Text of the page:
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Lowcountry Degen
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I think I'm understanding this question correctly, but forgive me if my answer is nonsense :D

How about pouring some foam and glassing over it to flatten the bottom of the bilge area to be even with the top of the keelson? It would be completely sealed, and you might want to make some of it with wood rather than foam/glass (thinking bilge pump mounting areas), but I think it would fix your issue.
 

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Discussion Starter #9 (Edited)
I think I'm understanding this question correctly, but forgive me if my answer is nonsense :D

How about pouring some foam and glassing over it to flatten the bottom of the bilge area to be even with the top of the keelson? It would be completely sealed, and you might want to make some of it with wood rather than foam/glass (thinking bilge pump mounting areas), but I think it would fix your issue.
Thanks for the reply, that’s pretty close to my option #3, except you might be talking about filling the whole bottom level. That would work nicely but I always worry about fiberglassed foam cracking and soaking up water. It seems like it always happens, just like wiring corroding.

I think my drain plugs have solved the issue for me, or rather accomodatinf them will. The flanges are 2” diameter so they will sit above the bottom of the hull on the inside. I think I’ll add a short 3-4” angled wood block from the transom to the floor that slopes up so water drains out completely when tilted up on the trailer. This should also help water transfer sides as long as the boat is moving around at all.

The front frames all requires the notches being cut at an angle in order for the chine logs to sit in them correctly. An oscillating multi tool worked perfectly, I just eyeballed the angle and the width of the gap, marked a line, and trimmed them out.

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I also got the pieces for the transom cut out, it’s turning into a work of art since I choose to complicate everything :). I wanted a curved transom like some of the newer skiffs have, and I increased the angle to 18 degrees instead of the standard 12. I had a piece of a 2x12 from another job that bowed significantly sitting on a shelf in my shop, it worked perfectly for the transom. It has a 3/4” curve over the 51” top span. The outer pieces will sit flush with the corners, they aren’t positioned properly in the photos. It will get a layer of 1/2” plywood on the outside and 3 layers of 6 oz glass. I’m debating drilling down from the ear the motor will mount on and gluing some dowels in with epoxy to lessen any chance of it breaking with the grain, but the glass may suffice.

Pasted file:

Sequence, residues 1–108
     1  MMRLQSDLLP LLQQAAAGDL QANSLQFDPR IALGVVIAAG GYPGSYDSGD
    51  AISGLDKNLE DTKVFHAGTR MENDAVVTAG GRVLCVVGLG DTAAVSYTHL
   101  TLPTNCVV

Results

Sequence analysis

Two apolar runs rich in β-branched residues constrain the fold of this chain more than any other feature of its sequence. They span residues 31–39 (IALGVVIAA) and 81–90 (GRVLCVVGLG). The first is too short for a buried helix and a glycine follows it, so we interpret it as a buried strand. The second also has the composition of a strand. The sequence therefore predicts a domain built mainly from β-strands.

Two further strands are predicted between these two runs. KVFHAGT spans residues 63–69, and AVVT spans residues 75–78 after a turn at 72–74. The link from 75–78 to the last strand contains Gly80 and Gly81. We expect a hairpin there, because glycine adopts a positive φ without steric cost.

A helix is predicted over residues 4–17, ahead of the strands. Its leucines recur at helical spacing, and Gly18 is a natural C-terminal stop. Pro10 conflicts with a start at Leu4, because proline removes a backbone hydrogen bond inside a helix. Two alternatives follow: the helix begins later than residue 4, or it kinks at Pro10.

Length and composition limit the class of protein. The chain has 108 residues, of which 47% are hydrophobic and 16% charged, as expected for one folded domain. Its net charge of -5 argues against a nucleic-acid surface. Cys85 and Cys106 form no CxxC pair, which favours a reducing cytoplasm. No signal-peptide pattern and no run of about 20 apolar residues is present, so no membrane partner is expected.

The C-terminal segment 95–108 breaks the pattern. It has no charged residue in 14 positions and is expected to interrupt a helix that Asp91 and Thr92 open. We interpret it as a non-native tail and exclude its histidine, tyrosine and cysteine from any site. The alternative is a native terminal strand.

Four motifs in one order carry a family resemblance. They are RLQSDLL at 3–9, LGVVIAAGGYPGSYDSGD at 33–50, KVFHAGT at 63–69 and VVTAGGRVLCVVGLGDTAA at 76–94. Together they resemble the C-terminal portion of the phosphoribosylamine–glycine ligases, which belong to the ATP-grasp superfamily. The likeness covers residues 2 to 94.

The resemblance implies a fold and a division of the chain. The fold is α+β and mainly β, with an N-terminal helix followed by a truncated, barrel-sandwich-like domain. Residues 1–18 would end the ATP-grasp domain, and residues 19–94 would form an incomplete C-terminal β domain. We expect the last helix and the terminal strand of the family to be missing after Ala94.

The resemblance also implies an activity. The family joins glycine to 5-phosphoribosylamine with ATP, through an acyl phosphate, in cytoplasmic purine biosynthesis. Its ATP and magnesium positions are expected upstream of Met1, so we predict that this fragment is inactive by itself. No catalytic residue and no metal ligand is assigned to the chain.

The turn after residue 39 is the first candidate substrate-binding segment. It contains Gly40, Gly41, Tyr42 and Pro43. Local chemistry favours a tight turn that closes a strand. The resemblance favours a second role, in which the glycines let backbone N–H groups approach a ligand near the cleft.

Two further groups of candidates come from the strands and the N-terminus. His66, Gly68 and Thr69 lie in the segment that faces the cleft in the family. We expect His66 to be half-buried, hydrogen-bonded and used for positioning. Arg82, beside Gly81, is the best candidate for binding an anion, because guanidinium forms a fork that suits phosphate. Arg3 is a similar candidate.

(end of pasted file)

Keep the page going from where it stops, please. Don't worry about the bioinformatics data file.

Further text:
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Lowcountry Degen
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Looking good! Yes, I was talking about the whole bottom level. I think if it's glassed correctly you won't have a problem. I think water intrusion to foam-filled areas is usually (I would guess like 99%) from people drilling through the glass to mount things, then water getting in that way. If you make sure to put wood or thick glass slugs in the location of the screws, I don't think you would have an issue. Then again, I've built exactly zero boats from scratch so take this with a grain of salt :D
 

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Discussion Starter #11 (Edited)
Worked on the boat for a couple hours this morning, had to set some tile this afternoon. The nose ended up being 26” high with the way the frames were built and notched, so I cut it back down to the 22” I wanted. The structure isn’t all there yet, but the lines are. I’ll cut the parts of the frames that overhang when I pull the chine logs off to glue up. It will end up being 17’ 8” unless I shorten the back of the boat a little. Trying to decide if I want it to go straight in the garage or if I’m fine with it being angled.

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Since this is a budget build, I plan to show what I’ve spent on it also. I’m leaning towards not including the cost of the strongback and consumables like rollers, brushes, sand paper, etc. Technically they aren’t “part of” the boat though they’re required to build it, and I’m sure I won’t accurately track all the trips to the store for small things. Thoughts?
 

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I'm following this one. Always liked the Chesapeake deadrise look. This kinda reminds me of one. Bow looks like it will be quiet, chine in the water at rest. I Looked at the design, looks cool with the wood boat look, not sure of the terms, but the slatted foor and all. What kind of wood are the frames, they look good. Good luck on the project!
 

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Discussion Starter #13
I'm following this one. Always liked the Chesapeake deadrise look. This kinda reminds me of one. Bow looks like it will be quiet, chine in the water at rest. I Looked at the design, looks cool with the wood boat look, not sure of the terms, but the slatted foor and all. What kind of wood are the frames, they look good. Good luck on the project!